I think that Google is walking a fine line here. On the one hand, it appears that the checkout feature and its intergration with Adwords is an attempt to make Google itself more of a shopping destination (side-stepping the CSE middlemen). On the other hand, Google makes a ton of money off of the CSE’s AND pays several of them a ton of money as well. Google has partnered with several of the major engines (shopping.com most notably and ironically) to include them in its “Search Network” so that they display adwords ads on their sites and recieve a share of the revenue from those ads.

    So the arbitrage game being played here is pretty complex. Still, Google has the upper hand because it has the traffic, the brand loyalty, and it doesn’t depend on the CSE’s for it’s revenue. Yes, they spend a lot, but if they died out, Google would likely make up the difference because many merchants would reallocate their marketing dollars directly into Adwords.

    I think the key to the future success of the CSE’s is: 1. Building brand loyalty by improving the shopping experience (so that they don’t have to pay for so much of their traffic). And 2. Working to satisfy the needs of their advertisers by providing better options for reporting, bidding, categorization, etc. Oh, and API’s would be nice to.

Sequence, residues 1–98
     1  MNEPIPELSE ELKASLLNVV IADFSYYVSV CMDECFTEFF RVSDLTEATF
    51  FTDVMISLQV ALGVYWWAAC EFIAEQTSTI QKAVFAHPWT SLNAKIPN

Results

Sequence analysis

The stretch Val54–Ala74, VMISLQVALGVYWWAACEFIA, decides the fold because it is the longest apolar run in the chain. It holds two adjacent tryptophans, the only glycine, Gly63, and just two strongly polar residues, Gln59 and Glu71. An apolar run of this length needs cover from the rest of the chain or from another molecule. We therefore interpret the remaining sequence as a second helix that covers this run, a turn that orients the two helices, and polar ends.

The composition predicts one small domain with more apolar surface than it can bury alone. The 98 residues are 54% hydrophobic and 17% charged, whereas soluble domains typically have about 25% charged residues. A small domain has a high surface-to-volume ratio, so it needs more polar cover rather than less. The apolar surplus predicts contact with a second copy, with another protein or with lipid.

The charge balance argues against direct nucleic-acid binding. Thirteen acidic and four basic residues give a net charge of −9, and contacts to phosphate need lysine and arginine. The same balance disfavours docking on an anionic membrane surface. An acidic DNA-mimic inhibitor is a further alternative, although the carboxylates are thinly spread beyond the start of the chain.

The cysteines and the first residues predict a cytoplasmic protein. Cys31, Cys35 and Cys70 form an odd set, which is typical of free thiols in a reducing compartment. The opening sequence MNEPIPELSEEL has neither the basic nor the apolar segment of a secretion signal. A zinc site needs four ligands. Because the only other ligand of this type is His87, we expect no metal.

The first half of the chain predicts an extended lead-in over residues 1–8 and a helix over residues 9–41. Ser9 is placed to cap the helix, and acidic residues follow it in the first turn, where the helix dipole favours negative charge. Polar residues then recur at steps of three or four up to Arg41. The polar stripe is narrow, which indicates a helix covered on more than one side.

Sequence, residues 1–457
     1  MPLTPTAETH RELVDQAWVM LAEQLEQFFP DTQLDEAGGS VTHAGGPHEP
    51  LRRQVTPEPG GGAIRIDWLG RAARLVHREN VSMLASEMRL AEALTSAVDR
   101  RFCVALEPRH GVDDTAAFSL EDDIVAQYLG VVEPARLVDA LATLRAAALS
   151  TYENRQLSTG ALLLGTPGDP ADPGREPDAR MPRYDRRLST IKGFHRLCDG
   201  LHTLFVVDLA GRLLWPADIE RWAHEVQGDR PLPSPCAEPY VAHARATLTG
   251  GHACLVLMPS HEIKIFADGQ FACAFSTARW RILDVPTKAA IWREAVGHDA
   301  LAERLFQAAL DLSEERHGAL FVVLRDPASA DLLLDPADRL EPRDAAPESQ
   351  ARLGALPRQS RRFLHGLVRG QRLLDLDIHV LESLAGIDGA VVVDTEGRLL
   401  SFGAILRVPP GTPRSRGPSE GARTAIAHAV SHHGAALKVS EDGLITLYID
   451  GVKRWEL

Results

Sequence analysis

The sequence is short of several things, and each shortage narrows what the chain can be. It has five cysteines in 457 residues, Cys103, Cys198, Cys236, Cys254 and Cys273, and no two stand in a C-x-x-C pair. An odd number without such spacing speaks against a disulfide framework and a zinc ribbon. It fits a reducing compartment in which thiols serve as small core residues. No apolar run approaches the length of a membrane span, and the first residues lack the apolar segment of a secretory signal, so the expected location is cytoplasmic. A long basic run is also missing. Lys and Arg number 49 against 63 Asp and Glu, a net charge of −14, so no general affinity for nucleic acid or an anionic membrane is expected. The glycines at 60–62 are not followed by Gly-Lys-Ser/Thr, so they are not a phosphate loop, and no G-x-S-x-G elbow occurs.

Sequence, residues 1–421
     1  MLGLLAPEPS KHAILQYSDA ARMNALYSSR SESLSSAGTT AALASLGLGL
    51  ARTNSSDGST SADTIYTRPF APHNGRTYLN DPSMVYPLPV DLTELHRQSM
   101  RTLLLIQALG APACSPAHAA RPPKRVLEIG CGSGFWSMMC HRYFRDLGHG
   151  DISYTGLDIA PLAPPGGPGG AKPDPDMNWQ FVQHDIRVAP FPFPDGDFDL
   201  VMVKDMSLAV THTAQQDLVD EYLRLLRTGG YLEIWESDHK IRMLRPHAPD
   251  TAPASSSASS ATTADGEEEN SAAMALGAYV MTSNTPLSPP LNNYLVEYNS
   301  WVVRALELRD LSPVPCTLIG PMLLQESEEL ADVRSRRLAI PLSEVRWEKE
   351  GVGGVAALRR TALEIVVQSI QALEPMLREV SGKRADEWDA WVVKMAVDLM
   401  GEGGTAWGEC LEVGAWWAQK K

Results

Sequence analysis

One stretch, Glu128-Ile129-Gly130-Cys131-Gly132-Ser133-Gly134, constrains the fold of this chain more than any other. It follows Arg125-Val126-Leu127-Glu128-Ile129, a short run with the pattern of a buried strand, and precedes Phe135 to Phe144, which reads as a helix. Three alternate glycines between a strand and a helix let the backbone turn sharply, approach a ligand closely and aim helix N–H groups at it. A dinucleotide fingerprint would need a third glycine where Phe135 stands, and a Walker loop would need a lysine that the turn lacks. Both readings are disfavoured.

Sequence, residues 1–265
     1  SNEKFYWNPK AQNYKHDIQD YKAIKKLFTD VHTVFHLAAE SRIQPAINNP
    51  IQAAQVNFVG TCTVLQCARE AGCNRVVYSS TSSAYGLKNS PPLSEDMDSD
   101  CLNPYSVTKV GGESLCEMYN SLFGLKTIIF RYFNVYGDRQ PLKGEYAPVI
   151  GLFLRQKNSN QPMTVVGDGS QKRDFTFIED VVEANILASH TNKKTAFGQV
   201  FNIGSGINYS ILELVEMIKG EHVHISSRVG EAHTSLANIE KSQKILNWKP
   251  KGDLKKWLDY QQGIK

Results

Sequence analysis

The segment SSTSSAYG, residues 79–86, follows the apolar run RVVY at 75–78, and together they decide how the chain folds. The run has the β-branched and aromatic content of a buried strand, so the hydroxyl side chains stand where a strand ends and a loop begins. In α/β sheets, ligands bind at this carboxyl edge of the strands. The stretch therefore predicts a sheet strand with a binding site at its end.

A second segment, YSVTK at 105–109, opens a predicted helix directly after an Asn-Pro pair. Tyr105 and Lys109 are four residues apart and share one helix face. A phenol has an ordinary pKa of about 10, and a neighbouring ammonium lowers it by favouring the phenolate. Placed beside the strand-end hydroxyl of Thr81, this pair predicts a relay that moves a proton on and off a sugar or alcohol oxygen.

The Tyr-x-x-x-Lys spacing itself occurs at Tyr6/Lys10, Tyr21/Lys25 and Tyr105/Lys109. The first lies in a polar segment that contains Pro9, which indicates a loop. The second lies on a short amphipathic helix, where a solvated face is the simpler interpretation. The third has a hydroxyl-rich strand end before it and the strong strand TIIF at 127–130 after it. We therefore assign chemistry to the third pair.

In case this isn’t long enough, I’d also like to mention that, based on the merchant campaigns that I track and manage, the CSE’s are on very shaky ground in terms of click prices. If more merchants start tracking and the CSE’s start raising prices I think it’ll really hurt them.

  2. Brian Smith says:

    Oh, I forgot to mention that Google Adwords advertisers get free transactions – for every $1 spent on Adwords, retailers can get $10 in sales for free…so not only should CTR go up, but conversion rate on the back end should go up (less abandoned carts) AND advertisers get free transactions – which put together means that retailers can afford to raise their max CPC, thus driving up the costs for the shopping comparison engines even more. If you want a good overview of Google Checkout, check out Charline Li’s blog.